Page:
HeartTalk - Linde Rose
M.Hlth. Sc. (Hons). MNZAP

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Sweet Darkness
(by David Whyte - from The House of Belonging)
When your eyes are tired
the world is tired also.
When your vision has gone
no part of the world can find you.
Time to go into the dark
where the night has eyes
to recognize its own.
There you can be sure
you are not beyond love.
The dark will be your womb
The night will give you a horizon
further than you can see.
You must learn one thing.
The world was made to be free in.
Give up all the other worlds
except the one to which you belong.
Sometimes it takes darkness and the sweet
confinement of your aloneness
to learn
anything or anyone
that does not bring you alive
is too small for you.

Love after Love
(by Derek Walcott)

 The day will come when,
 with elation
You will greet yourself arriving at your own door
In your own mirror
And each will smile at the others welcome
Saying, sit, eat.
You will love again
 You will love again
 You will love again
The stranger who was yourself
 Give wine, give bread,
 give back your heart to yourself,
 To this stranger
 Who has loved you all your live,
 Whom you ignored for another,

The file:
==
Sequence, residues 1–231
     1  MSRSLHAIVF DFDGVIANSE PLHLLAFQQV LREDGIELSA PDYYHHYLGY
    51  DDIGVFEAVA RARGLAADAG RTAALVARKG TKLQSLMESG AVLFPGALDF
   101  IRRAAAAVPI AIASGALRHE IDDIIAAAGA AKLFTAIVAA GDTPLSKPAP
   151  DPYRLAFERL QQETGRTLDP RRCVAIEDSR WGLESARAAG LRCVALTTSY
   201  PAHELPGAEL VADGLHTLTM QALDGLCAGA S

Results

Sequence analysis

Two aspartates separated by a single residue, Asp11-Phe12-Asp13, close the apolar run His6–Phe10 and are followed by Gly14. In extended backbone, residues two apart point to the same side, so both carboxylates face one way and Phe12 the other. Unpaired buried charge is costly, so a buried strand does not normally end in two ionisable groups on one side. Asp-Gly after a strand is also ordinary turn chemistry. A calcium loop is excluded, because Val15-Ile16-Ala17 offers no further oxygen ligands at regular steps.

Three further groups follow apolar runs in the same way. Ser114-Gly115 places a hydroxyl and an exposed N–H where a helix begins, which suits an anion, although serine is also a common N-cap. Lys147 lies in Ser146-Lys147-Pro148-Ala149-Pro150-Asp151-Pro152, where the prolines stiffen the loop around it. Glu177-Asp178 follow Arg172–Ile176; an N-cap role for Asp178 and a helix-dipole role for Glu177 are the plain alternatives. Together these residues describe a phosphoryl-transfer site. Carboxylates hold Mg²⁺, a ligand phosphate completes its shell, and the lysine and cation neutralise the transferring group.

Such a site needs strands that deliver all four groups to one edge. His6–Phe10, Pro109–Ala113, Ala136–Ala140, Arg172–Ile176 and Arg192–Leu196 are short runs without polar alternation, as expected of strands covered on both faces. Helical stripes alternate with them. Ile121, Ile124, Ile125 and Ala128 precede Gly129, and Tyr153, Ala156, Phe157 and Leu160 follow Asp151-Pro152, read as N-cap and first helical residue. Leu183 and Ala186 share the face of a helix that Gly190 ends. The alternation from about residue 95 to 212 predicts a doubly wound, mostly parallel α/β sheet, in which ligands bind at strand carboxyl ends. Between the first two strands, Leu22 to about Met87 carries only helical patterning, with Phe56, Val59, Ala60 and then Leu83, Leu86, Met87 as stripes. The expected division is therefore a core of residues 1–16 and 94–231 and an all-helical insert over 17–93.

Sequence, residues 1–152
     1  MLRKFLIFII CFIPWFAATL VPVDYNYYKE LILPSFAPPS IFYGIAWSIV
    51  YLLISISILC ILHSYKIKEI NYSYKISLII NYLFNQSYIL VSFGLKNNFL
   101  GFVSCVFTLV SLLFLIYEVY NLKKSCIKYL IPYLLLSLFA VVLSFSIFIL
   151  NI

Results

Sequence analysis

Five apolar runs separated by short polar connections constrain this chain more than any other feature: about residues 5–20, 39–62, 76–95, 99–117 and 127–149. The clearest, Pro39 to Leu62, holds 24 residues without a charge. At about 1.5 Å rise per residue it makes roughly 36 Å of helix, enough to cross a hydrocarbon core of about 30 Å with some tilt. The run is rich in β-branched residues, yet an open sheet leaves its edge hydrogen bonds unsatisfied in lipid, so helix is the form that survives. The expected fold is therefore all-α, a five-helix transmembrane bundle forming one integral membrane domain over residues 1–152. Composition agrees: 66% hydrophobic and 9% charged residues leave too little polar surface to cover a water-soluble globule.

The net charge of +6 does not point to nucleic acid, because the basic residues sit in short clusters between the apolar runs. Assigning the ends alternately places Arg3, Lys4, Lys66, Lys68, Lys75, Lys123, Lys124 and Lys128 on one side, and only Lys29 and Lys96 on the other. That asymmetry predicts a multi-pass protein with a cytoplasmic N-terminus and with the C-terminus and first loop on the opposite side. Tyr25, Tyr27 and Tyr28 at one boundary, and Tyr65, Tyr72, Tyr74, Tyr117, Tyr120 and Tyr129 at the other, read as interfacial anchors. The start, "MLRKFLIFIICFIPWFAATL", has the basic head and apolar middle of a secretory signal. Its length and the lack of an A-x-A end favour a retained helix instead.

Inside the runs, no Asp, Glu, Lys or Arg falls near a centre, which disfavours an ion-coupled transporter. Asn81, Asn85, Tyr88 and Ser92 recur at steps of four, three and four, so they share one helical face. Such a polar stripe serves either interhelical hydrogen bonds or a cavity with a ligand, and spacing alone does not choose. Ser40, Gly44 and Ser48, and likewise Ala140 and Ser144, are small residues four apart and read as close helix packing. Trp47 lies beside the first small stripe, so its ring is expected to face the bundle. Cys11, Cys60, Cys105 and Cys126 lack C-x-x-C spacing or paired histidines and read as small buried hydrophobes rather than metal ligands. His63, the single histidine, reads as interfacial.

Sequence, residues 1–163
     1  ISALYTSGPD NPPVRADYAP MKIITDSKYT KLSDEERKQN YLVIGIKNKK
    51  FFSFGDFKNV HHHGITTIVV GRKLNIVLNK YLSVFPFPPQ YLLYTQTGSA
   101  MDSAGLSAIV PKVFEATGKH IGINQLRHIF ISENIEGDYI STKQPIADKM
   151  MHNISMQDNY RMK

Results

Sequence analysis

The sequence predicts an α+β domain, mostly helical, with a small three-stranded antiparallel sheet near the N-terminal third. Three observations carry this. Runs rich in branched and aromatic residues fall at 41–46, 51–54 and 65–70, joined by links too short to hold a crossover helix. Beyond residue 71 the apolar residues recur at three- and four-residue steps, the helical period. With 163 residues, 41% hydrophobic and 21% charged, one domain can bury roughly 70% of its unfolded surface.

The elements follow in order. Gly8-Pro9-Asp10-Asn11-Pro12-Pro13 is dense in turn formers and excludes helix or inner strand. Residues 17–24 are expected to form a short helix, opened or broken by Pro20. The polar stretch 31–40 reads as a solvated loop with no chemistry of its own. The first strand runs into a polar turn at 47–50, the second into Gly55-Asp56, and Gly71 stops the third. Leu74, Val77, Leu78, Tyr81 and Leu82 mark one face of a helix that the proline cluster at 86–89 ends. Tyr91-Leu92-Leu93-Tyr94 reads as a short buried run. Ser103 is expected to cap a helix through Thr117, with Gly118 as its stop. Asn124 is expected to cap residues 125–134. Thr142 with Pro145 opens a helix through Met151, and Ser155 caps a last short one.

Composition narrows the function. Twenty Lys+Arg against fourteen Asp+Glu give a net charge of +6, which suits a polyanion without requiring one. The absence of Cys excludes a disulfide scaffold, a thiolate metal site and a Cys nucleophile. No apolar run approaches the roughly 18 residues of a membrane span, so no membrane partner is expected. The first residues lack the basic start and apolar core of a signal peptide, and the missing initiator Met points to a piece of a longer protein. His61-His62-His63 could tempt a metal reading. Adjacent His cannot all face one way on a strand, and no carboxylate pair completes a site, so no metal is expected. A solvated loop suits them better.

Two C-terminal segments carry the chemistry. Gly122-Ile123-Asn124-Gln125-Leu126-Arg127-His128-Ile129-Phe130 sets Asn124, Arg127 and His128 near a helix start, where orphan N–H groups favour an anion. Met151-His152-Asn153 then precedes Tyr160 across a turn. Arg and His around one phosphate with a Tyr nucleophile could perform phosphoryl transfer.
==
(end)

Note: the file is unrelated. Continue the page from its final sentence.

Who knows you by heart.

Take down the love letters from the bookshelf
 The photographs, the desperate notes
Peel your own image from the mirror
 Sit and feast on your life.


Wild Geese
(by Mary Oliver - from Dream Work )

You do not have to be good.

You do not have to walk on your knees
for a hundred miles through the desert repenting.

You only have to let the soft animal of your body
love what it loves.

Tell me about despair, yours, and I will tell you mine.
Meanwhile the world goes on.

Meanwhile the sun and the clear pebbles of the rain
are moving across the landscapes,
over the prairies and the deep trees,
the mountains and the rivers.

Meanwhile the wild geese, high in the clean blue air,
are heading home again.

Whoever you are, no matter how lonely,
the world offers itself to your imagination,
calls to you like the wild geese, harsh and exciting 
over and over announcing your place
in the family of things.

The Well of Grief

(by David Whyte - from Where Many Rivers Meet )

Those who will not slip beneath
     the still surface on the well of grief
turning downward through its black water
     to the place we cannot breathe
will never know the source from which we drink,
     the secret water, cold and clear,
nor find in the darkness glimmering
     the small round coins
          thrown by those who wished for something else.






















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